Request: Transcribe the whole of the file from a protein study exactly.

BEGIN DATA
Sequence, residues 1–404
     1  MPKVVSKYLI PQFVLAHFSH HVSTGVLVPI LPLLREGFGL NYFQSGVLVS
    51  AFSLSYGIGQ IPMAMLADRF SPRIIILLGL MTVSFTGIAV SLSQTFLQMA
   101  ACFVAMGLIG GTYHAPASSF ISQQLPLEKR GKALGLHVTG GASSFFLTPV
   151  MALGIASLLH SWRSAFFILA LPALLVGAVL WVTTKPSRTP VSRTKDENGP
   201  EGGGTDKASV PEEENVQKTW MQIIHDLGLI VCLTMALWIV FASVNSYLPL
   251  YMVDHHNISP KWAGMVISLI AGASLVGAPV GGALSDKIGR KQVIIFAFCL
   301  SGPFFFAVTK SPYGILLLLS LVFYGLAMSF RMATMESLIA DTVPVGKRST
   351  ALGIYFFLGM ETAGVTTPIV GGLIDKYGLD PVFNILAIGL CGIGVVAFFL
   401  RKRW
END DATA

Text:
Sequence, residues 1–404
     1  MPKVVSKYLI PQFVLAHFSH HVSTGVLVPI LPLLREGFGL NYFQSGVLVS
    51  AFSLSYGIGQ IPMAMLADRF SPRIIILLGL MTVSFTGIAV SLSQTFLQMA
   101  ACFVAMGLIG GTYHAPASSF ISQQLPLEKR GKALGLHVTG GASSFFLTPV
   151  MALGIASLLH SWRSAFFILA LPALLVGAVL WVTTKPSRTP VSRTKDENGP
   201  EGGGTDKASV PEEENVQKTW MQIIHDLGLI VCLTMALWIV FASVNSYLPL
   251  YMVDHHNISP KWAGMVISLI AGASLVGAPV GGALSDKIGR KQVIIFAFCL
   301  SGPFFFAVTK SPYGILLLLS LVFYGLAMSF RMATMESLIA DTVPVGKRST
   351  ALGIYFFLGM ETAGVTTPIV GGLIDKYGLD PVFNILAIGL CGIGVVAFFL
   401  RKRW